What we got was exceedingly fast computers, fast networking, high resolution graphics and audio, and the realisation that getting from London to NY was pointless if you were going to spend 4 hours in traffic at either end.

          Sending something small but clever to Triton to have a look around will actually be an achievement unimaginable to anyone in 1969 given the level of technology in Apollo. How would you get a minimum 3 man crew there and back? 2001 and Rendezvous with Rama make the point - these days we'd be sending robot probes as a first step, so much cheaper and safer than sending people, but in those days even an A C Clarke was unable to imagine that HAL would be replaced with a relatively tiny box controlling an array of instruments, and no wetware to mismanage.

    2. Michael H.F. Wilkinson Silver badge

      Re: Faster!

      I cannot recall Sputnik, but the moon landings are etched into my memories as the coolest thing I have ever seen on TV (first space shuttle came close). I hope to be around when Trident reaches Triton, nonetheless. Where is a warp drive when you need one (that or boosterspice)

  3. Marketing Hack Silver badge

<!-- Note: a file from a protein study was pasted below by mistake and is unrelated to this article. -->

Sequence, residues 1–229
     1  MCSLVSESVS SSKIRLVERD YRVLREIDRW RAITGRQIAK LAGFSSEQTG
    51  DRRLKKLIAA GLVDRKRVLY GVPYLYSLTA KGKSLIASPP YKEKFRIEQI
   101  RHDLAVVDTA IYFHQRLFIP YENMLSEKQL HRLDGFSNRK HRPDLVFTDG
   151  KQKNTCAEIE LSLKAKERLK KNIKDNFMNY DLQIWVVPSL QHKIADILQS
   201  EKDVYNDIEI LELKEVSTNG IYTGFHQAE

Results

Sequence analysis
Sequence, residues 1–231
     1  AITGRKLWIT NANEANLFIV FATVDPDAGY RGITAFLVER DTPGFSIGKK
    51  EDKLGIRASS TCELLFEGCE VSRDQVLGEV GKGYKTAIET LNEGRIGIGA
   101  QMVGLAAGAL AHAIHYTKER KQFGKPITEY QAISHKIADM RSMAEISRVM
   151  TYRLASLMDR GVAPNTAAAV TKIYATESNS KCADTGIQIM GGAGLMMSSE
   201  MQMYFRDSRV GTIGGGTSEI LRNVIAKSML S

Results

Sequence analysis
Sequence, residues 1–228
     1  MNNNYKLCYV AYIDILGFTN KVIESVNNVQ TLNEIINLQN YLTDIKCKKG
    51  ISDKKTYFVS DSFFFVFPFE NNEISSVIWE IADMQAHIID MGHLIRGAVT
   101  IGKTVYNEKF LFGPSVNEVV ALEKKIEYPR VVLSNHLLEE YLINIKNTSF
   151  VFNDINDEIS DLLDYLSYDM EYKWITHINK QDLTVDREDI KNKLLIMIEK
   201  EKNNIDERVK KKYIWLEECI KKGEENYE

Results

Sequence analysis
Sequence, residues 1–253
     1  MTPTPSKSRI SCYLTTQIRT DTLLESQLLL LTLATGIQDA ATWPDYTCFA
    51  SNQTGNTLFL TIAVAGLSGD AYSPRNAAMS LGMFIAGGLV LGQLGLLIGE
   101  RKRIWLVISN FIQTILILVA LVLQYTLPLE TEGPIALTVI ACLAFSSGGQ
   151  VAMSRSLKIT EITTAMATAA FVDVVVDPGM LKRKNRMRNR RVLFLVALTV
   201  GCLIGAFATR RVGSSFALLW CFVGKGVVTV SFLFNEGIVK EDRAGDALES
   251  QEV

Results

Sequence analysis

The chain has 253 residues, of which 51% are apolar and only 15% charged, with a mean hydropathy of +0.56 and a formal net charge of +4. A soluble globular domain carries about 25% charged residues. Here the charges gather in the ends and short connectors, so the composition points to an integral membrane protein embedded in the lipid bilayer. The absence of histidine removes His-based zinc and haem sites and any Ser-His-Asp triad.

Go

    I was hoping we could get another probe to Neptune and Uranus.

    I'd really like to see us revisit these other big gas giants now that Cassini and Galileo are done.

    (And no jokes about probing Uranus, you reprobates!!)

  4. W.S.Gosset Silver badge

    Quibble:- Trident...Triton... Neptune

    Re the Trident name explanation:

    Triton was a son of Poseidon, whose (P's) symbol was the trident.

    Neptune was just a foreign Johnny-come-lately who nicked the whole IP right down to the logo. And, apparently, a planet.

    Bloody Romans.

    1. dajames Silver badge

      Re: Quibble:- Trident...Triton... Neptune

      Neptune was just a foreign Johnny-come-lately who nicked the whole IP right down to the logo. And, apparently, a planet.